From a company-size perspective, larger companies are getting on board with the numerous benefits of additive manufacturing. As a result, 52 percent of larger companies (more than 5,000 employees) say they expect their 3D printing use to grow dramatically in the next two to five years.
While companies aim to grow their overall 3D printing use, expectations are set high to use it for productions parts or goods. Seventy-nine percent of respondents expect their additive manufacturing use for production parts to at least double within the next five years.
Personally, I believe 3D printing will do to manufacturing what the internet did to retail. We’re starting to see early indications of this worldwide, but it is only a matter of time until additive manufacturing completely transforms how products are designed, manufactured and delivered.
In 2017, half of survey participants believed that 3D printing would change the way they think and operate, while 43 percent said it had already changed the way they work. Today, nearly six out of 10 participants say that additive manufacturing has already changed the way they think and operate, while 38 percent still believe they haven’t felt the full seismic shift. A mere 3 percent say it wouldn’t impact their industry. We’ll see how the next few years unfold.
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We frequently discuss the benefits of additive manufacturing, including:
All these benefits are beyond concepts today. Within the last two years, we’ve observed real-life proof points shine. For example, HP and Jabil collaborated to answer an age-old question: can you 3D print a 3D printer? After validating that certain parts met precision, property and strength requirements, the team evaluated the difference between using 3D printing instead of traditional methods. The results were more than staggering.
By utilizing additive manufacturing, we saw breakeven points climb up to 40,000 units from 5,000 units with traditional practices. And most importantly, we were able to go through 19 design iterations for a part in the time it would take us to do one with traditional methods. Earlier we talked about the importance of speed in today’s business landscape. If that’s not the proof in the pudding, then I don’t know what would be.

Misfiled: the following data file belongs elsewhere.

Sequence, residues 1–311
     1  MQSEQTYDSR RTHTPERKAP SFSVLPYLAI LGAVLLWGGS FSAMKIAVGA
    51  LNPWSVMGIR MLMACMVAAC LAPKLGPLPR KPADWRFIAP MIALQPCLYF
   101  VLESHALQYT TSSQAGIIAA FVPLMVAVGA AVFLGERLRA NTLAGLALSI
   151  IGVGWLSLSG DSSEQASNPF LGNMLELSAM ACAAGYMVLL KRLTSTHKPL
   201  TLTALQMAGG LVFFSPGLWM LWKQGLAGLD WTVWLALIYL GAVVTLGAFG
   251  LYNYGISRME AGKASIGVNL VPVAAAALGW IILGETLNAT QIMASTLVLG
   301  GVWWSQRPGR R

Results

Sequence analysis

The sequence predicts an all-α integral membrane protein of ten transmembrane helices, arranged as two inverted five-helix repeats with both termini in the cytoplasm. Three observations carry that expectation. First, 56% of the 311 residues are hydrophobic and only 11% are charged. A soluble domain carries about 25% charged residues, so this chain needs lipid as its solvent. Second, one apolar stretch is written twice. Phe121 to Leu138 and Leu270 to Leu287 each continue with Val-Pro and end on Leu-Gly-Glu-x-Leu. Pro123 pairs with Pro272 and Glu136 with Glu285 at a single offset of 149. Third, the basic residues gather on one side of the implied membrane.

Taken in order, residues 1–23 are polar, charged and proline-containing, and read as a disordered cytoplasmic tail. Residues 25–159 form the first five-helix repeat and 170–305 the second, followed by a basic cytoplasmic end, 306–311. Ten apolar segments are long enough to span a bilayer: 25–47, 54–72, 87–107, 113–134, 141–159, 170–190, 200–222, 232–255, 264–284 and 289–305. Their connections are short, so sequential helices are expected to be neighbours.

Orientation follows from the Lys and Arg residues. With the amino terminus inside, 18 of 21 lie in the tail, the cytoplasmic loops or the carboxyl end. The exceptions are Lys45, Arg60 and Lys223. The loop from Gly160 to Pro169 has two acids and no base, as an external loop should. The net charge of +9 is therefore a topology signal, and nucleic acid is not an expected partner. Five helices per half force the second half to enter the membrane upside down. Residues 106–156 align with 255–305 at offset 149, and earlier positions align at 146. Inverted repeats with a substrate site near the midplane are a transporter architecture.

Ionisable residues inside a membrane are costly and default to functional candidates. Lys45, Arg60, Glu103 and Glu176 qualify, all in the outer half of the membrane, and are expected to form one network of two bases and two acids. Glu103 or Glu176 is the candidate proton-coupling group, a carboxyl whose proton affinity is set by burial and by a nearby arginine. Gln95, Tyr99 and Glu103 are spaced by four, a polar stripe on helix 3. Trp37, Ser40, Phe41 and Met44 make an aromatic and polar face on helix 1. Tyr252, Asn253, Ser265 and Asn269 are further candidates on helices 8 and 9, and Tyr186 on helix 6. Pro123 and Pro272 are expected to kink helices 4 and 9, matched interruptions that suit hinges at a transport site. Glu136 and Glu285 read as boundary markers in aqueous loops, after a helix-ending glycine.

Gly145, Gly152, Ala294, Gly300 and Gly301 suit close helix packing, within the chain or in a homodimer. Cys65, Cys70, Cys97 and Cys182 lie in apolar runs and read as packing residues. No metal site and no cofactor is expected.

The survey participants echo this sentiment as well. A quarter of them say they can produce production parts or jigs, fixtures and tooling with 3D printing more than 20 times faster than conventional approaches. Another 48 percent say it is at least two to 10 times faster.
Time savings are one thing, but cost savings are a whole other arena. Within the same experiment, we were able to realize cost savings of 86 percent for a given part. 3D printing also made that same part 70 percent lighter. Besides lowering time-to-market and cost barriers, additive manufacturing gave us tremendous design flexibility.
Despite the bullish attitudes toward 3D printing growth, challenges are evolving as well. Whereas two years ago the biggest challenges were the cost of pre- and post-processing, cost of system equipment, lack of expertise and cost of materials, the challenges have shifted. Today, participants list the cost of materials, part-quality and system equipment to be the most dreaded obstacles.
When we focus specifically on 3D printing for production, many of these issues resurface. Materials, workforce issues and process issues still prevent companies from doing more 3D printing in production today, but the extent to which these challenges have impacted companies have changed. The biggest issue our industry needs to tackle next is in materials.
“If your company makes anything, additive manufacturing is going to impact your business,” wrote my colleague, Rush LaSelle, two years ago in the article "Make No Mistake: Additive Manufacturing Will Disrupt Your Business." At the time, the most popular way companies were using 3D printing was for prototyping. As we solve issues around additive manufacturing materials and use-cases increase, 3D printing is sure to take every product industry by storm. We can already feel it.
Insights from 308 individuals responsible for decisions around 3D printing at manufacturing companies on technology adoption, opportunities and challenges.